In Greek warfare the cavalry had not been particularly important because of the terrain - the infantry hoplite ruled all - but both Philip II of Macedonia and his son, Alexander the Great, built up their cavalry element, quite possibly in anticipation of their struggle with the Persian Empire. Under these two innovators, Macedonian infantry was made heavier and became the anvil on which an enemy was crushed by the hammer of the heavy cavalry. The cavalry was formed in a wedge shape to allow greater manoeuvrability, and by the time of the conquest of the Empire it was made up of units from various sources and with different roles. The most famous however was the Companion cavalry, usually led by Alexander himself.
Zvezda's set of Macedonian Cavalry can be summed up in one word - beautiful. You get a good number of poses, and a good number of horses. The men are absolute top quality, beautifully detailed and perfectly sculpted. Even the figures with ring hands to accommodate separate weapons have those hands well proportioned, unlike the chunky rings sometimes seen.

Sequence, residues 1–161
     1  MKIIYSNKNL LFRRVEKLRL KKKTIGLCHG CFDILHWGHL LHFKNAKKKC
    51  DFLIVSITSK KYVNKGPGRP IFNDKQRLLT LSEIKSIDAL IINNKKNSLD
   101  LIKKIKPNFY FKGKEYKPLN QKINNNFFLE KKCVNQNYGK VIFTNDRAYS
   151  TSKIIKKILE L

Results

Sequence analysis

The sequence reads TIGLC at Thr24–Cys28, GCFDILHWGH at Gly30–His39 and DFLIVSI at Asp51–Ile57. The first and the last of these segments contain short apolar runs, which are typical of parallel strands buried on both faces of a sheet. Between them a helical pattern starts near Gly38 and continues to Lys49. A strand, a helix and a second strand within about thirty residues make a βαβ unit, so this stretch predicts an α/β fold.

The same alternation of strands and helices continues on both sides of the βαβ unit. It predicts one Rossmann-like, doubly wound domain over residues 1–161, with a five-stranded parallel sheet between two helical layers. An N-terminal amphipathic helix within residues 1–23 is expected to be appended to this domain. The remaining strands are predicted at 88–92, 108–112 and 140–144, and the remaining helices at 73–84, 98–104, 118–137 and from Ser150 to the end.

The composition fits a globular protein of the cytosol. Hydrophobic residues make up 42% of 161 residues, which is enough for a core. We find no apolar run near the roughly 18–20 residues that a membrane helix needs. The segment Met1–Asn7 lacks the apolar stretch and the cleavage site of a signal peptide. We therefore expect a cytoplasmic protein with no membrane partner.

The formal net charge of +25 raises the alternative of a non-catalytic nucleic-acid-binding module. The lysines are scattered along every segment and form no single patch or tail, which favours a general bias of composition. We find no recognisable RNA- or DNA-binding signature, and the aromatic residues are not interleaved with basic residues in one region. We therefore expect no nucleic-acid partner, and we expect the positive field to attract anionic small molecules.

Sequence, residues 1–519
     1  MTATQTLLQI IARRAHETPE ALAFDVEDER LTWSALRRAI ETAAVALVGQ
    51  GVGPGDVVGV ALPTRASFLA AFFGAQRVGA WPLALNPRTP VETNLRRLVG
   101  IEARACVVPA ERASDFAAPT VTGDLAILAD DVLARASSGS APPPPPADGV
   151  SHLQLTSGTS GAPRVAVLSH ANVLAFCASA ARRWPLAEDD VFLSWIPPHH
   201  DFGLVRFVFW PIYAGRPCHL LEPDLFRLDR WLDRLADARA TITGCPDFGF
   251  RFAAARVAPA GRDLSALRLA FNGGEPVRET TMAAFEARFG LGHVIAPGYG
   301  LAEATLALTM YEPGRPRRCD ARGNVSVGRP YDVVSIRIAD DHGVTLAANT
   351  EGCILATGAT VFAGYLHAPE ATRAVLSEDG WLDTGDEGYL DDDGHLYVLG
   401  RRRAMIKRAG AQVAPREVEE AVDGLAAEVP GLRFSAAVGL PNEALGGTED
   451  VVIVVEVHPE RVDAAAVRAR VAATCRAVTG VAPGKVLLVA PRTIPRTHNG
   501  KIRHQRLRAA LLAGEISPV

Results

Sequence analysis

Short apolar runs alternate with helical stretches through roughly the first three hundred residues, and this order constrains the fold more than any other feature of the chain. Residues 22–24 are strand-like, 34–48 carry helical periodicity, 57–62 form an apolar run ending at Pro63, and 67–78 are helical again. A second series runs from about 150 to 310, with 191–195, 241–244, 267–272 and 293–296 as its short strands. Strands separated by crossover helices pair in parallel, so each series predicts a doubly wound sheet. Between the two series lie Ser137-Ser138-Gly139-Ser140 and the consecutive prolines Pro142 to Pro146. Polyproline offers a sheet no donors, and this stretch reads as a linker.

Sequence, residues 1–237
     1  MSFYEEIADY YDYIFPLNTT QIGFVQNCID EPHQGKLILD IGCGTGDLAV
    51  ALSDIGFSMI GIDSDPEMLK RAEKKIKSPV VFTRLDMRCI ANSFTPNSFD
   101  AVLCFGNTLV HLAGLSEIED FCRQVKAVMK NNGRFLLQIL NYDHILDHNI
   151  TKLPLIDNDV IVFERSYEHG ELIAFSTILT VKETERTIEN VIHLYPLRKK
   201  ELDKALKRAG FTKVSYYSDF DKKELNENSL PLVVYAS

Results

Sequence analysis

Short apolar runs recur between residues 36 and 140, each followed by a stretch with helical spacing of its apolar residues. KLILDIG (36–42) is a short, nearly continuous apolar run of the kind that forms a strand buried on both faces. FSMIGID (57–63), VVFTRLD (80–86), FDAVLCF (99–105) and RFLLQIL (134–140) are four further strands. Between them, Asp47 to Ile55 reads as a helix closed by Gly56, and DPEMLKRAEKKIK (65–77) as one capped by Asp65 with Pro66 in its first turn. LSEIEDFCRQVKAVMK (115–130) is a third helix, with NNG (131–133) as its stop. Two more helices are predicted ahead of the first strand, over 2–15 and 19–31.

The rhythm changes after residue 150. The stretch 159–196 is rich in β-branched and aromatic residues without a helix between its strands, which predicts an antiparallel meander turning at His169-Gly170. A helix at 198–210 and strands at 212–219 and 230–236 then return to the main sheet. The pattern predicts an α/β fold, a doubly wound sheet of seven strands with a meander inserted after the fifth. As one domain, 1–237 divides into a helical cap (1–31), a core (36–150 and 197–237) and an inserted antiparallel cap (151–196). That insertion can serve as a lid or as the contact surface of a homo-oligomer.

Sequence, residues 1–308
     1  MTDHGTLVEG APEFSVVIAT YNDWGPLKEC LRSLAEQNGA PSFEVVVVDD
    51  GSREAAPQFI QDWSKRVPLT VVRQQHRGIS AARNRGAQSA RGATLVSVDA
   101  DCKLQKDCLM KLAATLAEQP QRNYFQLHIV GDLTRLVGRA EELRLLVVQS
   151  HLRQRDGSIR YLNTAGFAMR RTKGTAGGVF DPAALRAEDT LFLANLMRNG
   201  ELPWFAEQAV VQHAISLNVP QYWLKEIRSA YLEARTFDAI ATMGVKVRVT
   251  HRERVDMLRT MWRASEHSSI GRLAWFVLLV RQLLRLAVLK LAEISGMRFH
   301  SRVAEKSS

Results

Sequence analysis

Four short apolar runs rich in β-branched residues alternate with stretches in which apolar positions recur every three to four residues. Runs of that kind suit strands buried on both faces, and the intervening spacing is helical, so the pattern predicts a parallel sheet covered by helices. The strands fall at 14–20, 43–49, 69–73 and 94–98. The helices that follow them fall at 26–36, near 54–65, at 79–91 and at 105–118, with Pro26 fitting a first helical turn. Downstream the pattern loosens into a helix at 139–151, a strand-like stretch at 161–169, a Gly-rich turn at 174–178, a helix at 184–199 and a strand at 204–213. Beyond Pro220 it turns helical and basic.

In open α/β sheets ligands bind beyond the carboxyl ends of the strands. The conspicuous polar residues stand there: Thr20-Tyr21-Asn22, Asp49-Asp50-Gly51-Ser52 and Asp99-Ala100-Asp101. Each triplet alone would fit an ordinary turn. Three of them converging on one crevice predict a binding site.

The set has a good variety of weapons and costume, and also includes a figure of Alexander himself, advancing on his steed. We can tell that it is supposed to be Alexander as it is clearly based on the Alexander Mosaic found in Pompeii, as are most modern representations of him. In fact, as he was frequently in the thick of the fighting, he would normally have worn a boeotian helmet, but Zvezda probably omitted this to make it more obvious that this was Alexander.
The set seems to depict figures from several branches of Alexander's cavalry, and there are problems with the accuracy of some of them. The most obvious problem is that Alexander's cavalry, Macedonian or Greek, did not carry shields, so three of these figures are therefore unusable as the shields are a part of the whole piece. Various details of many of the figures also seem inappropriate, often making them look more like Macedonian cavalry of two centuries later on, during the rise to power of Rome.
Accurate or not, these are well produced pieces. There are no mould lines and no flash, which makes the mistakes in terms of accuracy all the more frustrating.